Indiana Tech Law School will close after $20M loss
Updated: After suffering a nearly $20 million loss, Indiana Tech Law School has announced it will close at the end of June 2017.
Indiana Tech president Arthur Snyder said the school’s board of trustees and its leaders concluded that the law school will not be able to attract a sufficient number of students to remain viable, report the News-Sentinel, 21Alive and WANE.com. The school had opened in 2013.
The board vote to close the school was unanimous. Above the Law posted a school Q-and-A about the closing here.
The school had earned provisional accreditation from the ABA, which allowed its students to take the bar exam. Twelve of the school’s 20 graduates took the July 2016 state bar exam, and initially only one passed.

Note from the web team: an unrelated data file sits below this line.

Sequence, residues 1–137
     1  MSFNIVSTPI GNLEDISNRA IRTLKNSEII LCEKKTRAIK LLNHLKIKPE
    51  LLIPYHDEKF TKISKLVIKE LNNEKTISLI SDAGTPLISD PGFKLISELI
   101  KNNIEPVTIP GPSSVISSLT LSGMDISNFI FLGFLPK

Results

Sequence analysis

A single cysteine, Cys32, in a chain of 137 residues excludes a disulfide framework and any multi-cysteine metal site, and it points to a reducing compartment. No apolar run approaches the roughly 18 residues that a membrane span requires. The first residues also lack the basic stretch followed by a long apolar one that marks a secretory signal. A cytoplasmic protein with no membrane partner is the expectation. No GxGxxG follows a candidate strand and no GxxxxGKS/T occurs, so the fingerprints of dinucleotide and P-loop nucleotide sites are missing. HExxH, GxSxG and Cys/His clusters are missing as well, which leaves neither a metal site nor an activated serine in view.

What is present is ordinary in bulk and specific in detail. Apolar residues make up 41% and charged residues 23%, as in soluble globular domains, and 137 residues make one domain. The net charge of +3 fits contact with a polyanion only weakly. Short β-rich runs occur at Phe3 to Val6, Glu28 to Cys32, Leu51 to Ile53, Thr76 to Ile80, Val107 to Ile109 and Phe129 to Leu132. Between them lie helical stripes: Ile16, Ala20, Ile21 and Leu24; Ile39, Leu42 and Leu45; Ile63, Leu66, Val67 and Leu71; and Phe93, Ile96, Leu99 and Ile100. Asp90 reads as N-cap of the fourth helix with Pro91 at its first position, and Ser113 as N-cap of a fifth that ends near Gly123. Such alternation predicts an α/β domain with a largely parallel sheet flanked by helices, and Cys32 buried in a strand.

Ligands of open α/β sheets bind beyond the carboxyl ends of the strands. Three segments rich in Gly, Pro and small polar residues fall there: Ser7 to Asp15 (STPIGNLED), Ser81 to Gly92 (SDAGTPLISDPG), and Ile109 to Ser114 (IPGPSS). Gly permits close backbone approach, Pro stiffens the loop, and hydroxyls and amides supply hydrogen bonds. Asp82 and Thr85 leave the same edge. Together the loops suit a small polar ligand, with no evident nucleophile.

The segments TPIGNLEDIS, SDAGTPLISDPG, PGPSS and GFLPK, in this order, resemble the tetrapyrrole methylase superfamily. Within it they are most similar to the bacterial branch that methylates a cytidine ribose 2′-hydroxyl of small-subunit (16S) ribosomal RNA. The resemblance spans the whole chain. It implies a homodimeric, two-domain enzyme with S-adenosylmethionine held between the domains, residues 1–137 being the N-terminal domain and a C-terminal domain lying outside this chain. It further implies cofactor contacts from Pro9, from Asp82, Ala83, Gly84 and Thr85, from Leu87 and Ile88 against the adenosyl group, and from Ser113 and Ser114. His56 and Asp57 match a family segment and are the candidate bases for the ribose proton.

After an appeal, a second graduate passed, and a third graduate passed a state bar outside of Indiana, Above the Law and the Indiana Lawyer reported in early October.
The school’s $15 million law building is expected to be used for other university purposes, according to the News-Sentinel.
The ABA Section of Legal Education and Admissions to the Bar said in a statement (PDF) that it was informed of the school’s intent to close. ABA rules governing law school accreditation require the school to submit for ABA review a “teach-out plan” to help students find reasonable opportunities to complete their education without additional charges.
“We will follow the requirements of that rule and expect the institution and the law school will do the same,” the statement says.
Updated on Nov. 1 to include the statement by the ABA Section of Legal Education and Admissions to the Bar.